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Givat HaMatos in East Jerusalem, pictured on October 2, 2014. (AHMAD GHARABLI/AFP/Getty Images)

It’s back to business as usual in Jerusalem, at least according to the city’s mayor, Nir Barkat. The intifada that’s been brewing since last summer? Mostly kids skipping class. “Over the past six months, we’ve had riots, mostly by teenagers, and we’ve worked very hard to return the kids to school,” Barkat told reporters Sunday. “Unfortunately they weren’t listening to their parents and teachers. Today, ninety-five percent of them are back in school. We’ve been working with local leadership, and the trend is very positive. There’s been a dramatic decrease in violence in the Arab neighborhoods.”

Nir Barkat is one year into his second term as mayor of Jerusalem. It’s surely been his most difficult year on the job, with the surge of violence beginning with the murder of Palestinian teen Mohammed Abu Khdeir by Jewish terrorists, an act of revenge for the kidnapping and killing of three young Israelis in Gush Etzion. The ensuing Israeli operation against Hamas in Gaza brought with it almost daily incidents of stone throwing and Molotov cocktails in Jerusalem. The city’s new light-rail system, touted as a symbol of the city’s coexistence as it weaved its way between Jewish and Arab neighborhoods, was shut down repeatedly by rioting, and then targeted twice by Palestinian drivers plowing through the station. The murderous Nov. 18 attack on a Jerusalem synagogue was the latest, and most horrifying, event. But the past few weeks have been relatively quiet.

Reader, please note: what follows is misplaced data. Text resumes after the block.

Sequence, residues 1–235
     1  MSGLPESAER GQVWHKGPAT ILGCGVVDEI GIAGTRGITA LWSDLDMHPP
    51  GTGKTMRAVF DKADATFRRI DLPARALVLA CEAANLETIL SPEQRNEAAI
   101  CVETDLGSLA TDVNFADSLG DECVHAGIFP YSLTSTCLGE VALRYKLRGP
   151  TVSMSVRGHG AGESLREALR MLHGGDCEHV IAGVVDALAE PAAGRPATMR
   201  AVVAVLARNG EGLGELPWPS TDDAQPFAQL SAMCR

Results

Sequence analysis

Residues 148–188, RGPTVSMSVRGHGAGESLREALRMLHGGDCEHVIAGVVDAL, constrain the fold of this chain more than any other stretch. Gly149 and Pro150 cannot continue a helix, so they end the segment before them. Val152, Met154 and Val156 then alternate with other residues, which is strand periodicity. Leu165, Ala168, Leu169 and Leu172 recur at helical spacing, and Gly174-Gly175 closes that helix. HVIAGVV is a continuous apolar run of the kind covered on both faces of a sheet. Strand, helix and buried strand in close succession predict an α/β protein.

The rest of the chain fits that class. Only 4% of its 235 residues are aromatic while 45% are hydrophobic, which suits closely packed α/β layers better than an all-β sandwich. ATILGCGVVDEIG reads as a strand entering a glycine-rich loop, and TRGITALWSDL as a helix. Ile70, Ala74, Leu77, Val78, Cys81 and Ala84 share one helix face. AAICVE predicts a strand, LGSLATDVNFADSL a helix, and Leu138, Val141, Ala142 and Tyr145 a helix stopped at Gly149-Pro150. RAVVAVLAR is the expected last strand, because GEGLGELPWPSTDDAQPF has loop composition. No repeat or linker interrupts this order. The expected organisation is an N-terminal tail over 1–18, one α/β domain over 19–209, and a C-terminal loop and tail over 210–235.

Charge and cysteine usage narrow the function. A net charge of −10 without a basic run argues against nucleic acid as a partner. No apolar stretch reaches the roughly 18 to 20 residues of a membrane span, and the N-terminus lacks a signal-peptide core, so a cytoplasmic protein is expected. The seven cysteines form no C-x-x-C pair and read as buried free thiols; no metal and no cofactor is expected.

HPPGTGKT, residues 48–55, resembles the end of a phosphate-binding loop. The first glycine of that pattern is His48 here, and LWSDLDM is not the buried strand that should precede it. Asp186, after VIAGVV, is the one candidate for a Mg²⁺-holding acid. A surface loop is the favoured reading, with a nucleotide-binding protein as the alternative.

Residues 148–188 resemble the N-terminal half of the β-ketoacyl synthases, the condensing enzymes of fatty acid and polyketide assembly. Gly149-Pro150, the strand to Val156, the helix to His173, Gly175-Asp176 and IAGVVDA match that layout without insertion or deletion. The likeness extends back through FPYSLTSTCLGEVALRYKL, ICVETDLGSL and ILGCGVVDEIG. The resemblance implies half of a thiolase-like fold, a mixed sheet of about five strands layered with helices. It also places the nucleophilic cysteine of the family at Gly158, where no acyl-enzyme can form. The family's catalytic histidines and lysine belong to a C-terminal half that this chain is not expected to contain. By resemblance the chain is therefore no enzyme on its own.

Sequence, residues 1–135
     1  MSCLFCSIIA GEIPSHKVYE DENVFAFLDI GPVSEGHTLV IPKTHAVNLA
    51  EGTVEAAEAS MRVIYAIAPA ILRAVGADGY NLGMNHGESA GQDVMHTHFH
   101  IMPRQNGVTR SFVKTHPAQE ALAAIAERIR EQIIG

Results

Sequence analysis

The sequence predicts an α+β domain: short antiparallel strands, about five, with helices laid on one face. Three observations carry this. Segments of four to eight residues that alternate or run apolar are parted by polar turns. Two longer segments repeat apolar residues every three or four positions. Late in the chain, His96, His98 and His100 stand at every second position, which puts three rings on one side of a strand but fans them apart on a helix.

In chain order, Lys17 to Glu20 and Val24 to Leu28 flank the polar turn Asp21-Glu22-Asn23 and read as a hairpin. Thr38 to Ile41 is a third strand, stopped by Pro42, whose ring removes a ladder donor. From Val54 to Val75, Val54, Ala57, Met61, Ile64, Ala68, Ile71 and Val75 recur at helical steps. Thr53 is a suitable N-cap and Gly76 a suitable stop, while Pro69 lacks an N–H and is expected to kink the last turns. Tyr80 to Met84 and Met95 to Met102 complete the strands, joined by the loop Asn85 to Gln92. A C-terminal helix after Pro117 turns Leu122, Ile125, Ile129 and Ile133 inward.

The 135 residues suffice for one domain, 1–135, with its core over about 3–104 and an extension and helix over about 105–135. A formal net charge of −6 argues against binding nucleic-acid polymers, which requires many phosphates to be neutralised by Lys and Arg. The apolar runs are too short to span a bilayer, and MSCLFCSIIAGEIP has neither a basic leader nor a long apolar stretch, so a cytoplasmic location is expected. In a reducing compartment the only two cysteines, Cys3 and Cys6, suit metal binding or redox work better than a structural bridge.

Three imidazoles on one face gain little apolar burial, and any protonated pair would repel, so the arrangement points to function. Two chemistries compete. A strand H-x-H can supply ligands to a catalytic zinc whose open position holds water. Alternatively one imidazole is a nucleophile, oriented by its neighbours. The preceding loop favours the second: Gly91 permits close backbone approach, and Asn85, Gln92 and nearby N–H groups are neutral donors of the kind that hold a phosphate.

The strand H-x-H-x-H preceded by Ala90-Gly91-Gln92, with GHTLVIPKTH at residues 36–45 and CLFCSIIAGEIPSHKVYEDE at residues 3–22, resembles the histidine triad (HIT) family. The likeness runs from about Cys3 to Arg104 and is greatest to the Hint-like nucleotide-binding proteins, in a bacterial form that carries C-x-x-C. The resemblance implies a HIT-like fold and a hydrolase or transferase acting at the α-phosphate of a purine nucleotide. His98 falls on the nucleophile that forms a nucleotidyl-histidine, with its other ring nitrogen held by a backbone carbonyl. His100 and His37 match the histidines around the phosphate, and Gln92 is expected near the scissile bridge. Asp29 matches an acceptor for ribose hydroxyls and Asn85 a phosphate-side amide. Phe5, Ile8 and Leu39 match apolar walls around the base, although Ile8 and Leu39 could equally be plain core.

Barkat was speaking with members of the foreign press while leading them on a tour through “neighborhoods on the seam.” Those are neighborhoods the foreign press would be more likely to call the Jewish and Arab neighborhoods of East Jerusalem—just outside the 1967 boundaries, firmly within the Jerusalem municipal boundaries. It was, among other things, a tour of places whose names have become familiar through recent building announcements.

We began in Ramat Shlomo. A mostly ultra-Orthodox neighborhood of about 20,000 people, Ramat Shlomo is located north of the Green Line. A March 2010 announcement of the construction of 1,600 new apartments in the neighborhood caught U.S. Vice President Biden during a visit to Israel. Biden called it “precisely the kind of step that undermines the trust we need right now” (the tour ended, sans Barkat, at Givat Hamatos, another controversial site).

Driving through Ramat Shlomo, though, it’s difficult to see what all the fuss is about. It looks like any other Haredi neighborhood in the city. Among its few highlights are a full-scale reproduction of the Chabad-Lubavitch World Headquarters at 770 Eastern Parkway in Brooklyn and an ancient quarry, the stones of which were used in the construction of the Second Temple. Ramat Shlomo’s dullness was essentially the point. Barkat used it as a backdrop to present his “Jerusalem Master Plan 2000,” detailing how the city intends to scale from 800,000 to 1 million residents. The maps he presented did not have the Green Line on them, only Jerusalem’s municipal borders, and were filled with orange blotches designating planned construction. There was no indication whether the construction was intended for Jews or Arabs. That, too, seemed intentional. In fact, Barkat said, it was none of the mayor’s business who lives where.

“City planning here is still governed by old British law,” Barkat explained. “It requires a lengthy committee process and leaves no room whatsoever for discrimination.” Since he’s not allowed to discriminate, “the alternative is not building altogether, for both Jews and Arabs,” he added. “Should I ask people if they’re Jewish or Muslim before I let them build? God forbid! So it’s either we freeze completely or discriminate, God forbid. Those alternatives are insane.”